A bootloader is typically used to update application code on a microcontroller. It receives the new program from a host, writes it to flash, verifies the program is valid, and resets the microcontroller. Perhaps the most ubiquitous example is the Arduino bootloader which allows you to load code without an AVR programmer.
The bootloader resides in a special part of memory, which is protected. On the AVR, it isn’t possible to write to the bootloader memory from the application code. This is to prevent you from accidentally breaking the bootloader and bricking the device.
However, it can be useful to write to the bootloader memory. The best example would be when you need to update the bootloader itself. To accomplish this, [Julz] found a workaround that defeats the AVR bootloader protection.
The challenge was to find a way to execute the Store Program Memory (spm) instruction, which can only be executed by the bootloader. [Julz] managed to make use of the spm instruction in the existing bootloader by counting cycles and modifying registers at the right time.
Using this technique, which [Julz] calls BootJacker, the Fignition 8 bit computer could have its bootloader updated. However, this technique would likely allow you to modify most bootloaders on AVR devices.
9 thoughts on “Overwriting A Protected AVR Bootloader”
Bravo. A nice and simple exploit!
Amazing work. Correct me if I’m mistaken, but as this hack relies on knowing the precise time when the spm instruction is called is it really feasible with USB enabled bootloaders as it may get tricky to know when the “upload firmware” button is pressed?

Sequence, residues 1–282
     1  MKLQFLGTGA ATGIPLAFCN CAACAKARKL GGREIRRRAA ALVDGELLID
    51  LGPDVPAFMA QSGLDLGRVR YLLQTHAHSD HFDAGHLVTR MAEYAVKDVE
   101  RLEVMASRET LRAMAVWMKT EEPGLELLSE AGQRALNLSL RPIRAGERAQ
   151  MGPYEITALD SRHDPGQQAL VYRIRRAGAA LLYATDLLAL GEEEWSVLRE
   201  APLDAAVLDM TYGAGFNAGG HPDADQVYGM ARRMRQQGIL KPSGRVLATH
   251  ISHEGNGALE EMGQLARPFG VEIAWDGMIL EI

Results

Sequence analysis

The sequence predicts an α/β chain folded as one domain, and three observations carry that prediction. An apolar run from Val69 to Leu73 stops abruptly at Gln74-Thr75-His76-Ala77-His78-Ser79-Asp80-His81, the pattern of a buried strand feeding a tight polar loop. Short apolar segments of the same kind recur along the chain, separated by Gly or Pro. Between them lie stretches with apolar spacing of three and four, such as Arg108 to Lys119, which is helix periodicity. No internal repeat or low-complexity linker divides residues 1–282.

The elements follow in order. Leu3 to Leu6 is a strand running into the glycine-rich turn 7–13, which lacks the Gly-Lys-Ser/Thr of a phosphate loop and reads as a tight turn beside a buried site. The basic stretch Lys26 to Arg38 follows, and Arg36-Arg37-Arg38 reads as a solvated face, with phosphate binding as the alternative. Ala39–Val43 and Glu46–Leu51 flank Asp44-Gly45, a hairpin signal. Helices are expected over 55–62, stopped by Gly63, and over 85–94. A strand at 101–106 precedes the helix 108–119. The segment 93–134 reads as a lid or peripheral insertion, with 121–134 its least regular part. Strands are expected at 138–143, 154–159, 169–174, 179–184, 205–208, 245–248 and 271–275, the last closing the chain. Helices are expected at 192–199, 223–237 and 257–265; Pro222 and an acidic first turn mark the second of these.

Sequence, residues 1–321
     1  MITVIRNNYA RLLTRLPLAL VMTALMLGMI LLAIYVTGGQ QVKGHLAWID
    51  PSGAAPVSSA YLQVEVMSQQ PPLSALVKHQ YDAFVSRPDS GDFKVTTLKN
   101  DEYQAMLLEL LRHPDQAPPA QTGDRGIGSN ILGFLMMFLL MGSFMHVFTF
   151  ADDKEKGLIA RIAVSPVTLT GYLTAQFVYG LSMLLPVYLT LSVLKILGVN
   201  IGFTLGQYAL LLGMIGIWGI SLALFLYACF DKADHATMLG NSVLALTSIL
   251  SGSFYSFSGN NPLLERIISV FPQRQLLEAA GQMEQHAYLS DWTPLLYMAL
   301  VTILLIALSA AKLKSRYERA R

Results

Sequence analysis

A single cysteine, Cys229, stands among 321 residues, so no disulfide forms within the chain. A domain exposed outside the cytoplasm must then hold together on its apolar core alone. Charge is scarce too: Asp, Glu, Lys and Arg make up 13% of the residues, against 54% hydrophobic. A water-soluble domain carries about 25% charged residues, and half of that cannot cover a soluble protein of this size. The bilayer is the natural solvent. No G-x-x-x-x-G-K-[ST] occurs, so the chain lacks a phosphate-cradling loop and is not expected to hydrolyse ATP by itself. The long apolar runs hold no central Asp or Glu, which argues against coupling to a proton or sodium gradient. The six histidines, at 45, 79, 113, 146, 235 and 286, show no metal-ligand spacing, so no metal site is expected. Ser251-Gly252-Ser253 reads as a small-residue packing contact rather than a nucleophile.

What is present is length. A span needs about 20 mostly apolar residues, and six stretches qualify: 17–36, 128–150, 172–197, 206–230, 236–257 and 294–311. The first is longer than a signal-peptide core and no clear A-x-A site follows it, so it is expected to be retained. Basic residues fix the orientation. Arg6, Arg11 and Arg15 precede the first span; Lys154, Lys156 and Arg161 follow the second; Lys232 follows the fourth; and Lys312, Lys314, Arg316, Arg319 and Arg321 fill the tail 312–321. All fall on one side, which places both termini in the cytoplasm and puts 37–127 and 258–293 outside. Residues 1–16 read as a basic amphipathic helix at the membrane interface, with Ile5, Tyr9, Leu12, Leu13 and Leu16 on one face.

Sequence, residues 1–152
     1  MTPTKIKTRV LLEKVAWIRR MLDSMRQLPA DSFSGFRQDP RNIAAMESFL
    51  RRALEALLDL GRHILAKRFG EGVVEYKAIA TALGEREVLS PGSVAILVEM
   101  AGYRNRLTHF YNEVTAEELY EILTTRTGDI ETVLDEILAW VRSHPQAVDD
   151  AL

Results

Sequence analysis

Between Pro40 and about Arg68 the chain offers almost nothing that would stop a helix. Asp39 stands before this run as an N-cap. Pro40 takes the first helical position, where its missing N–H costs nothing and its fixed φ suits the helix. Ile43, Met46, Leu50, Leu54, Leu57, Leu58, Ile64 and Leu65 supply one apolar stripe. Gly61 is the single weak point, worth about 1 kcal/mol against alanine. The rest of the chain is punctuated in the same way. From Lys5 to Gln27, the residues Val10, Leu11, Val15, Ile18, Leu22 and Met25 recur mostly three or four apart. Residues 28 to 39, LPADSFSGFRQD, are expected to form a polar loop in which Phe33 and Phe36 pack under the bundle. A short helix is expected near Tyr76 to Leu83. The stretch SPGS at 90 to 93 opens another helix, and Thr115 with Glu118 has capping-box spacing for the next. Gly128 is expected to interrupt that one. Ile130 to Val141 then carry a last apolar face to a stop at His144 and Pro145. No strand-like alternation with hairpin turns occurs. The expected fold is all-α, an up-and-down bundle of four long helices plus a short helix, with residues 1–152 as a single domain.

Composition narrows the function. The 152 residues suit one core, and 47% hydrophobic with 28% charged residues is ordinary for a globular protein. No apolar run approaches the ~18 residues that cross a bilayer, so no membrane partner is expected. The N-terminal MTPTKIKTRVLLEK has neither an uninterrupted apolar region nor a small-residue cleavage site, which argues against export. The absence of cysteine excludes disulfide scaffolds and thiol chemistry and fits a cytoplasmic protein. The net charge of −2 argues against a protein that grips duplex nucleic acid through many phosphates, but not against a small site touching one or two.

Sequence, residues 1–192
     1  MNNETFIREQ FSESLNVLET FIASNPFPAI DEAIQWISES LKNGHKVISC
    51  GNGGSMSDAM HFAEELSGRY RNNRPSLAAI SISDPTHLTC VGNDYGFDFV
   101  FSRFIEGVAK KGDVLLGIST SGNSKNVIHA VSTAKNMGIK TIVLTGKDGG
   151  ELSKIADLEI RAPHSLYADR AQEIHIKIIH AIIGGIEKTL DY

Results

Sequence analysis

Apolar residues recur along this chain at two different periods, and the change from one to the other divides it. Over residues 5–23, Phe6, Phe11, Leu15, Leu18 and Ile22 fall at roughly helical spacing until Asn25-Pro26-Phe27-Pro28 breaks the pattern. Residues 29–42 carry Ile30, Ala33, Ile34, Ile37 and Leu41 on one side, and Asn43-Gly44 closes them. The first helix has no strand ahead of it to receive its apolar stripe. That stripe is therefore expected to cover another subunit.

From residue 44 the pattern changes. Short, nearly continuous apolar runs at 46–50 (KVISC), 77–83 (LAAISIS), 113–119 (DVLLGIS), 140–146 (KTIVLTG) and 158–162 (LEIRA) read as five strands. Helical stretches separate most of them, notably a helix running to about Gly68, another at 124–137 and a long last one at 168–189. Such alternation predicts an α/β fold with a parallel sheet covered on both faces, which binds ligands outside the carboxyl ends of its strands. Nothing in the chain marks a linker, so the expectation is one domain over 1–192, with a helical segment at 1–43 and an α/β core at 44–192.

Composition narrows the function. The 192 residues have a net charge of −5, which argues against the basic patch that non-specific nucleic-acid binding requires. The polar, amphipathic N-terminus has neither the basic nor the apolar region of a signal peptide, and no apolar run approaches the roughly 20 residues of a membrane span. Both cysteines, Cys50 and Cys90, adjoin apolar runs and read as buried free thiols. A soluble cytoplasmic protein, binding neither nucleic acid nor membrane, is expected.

Sounds like Atmel’s “protection” doesn’t depend on when that instruction was executed relative to when the boot loader started executing (e.g. first 1024 clock cycles), but *where* it is executed (within the bootstrap space range). That doesn’t sound like a good protection.
So like someone hinted below, somewhere your user code has to be running, set up a timer interrupt to go off right at the right time * before calling the part of the bootloader that has the sequence.
*: just like the old single step debugger trick they used in the old days, you set up timer interrupt to go off after an instruction of interest get executed.
No, it works differently, as far as I can see.
The user code jumps into the bootloader to re-use an existing spm instruction there.
But you do not want the instructions following that smp instruction, so you set up an interrupt to bring you back to user code.
Rinse, repeat. Smart!
That is indeed impressive… So simple and so elegant
Yes, this is definitely a cool hack. The smartest workaround I’ve seen in a long time.
This is sheer genious. It is so clear, once you see it.… Bravo!
This is one excellent hack!
I thought I was pretty good at programming AVR.
I bow to the master :-)
But: “If Interrupt Vectors are placed in the Application section, interrupts are disabled while executing from the Boot Loader section.” is part of most of the BLB protection settings.
Please be kind and respectful to help make the comments section excellent. (Comment Policy)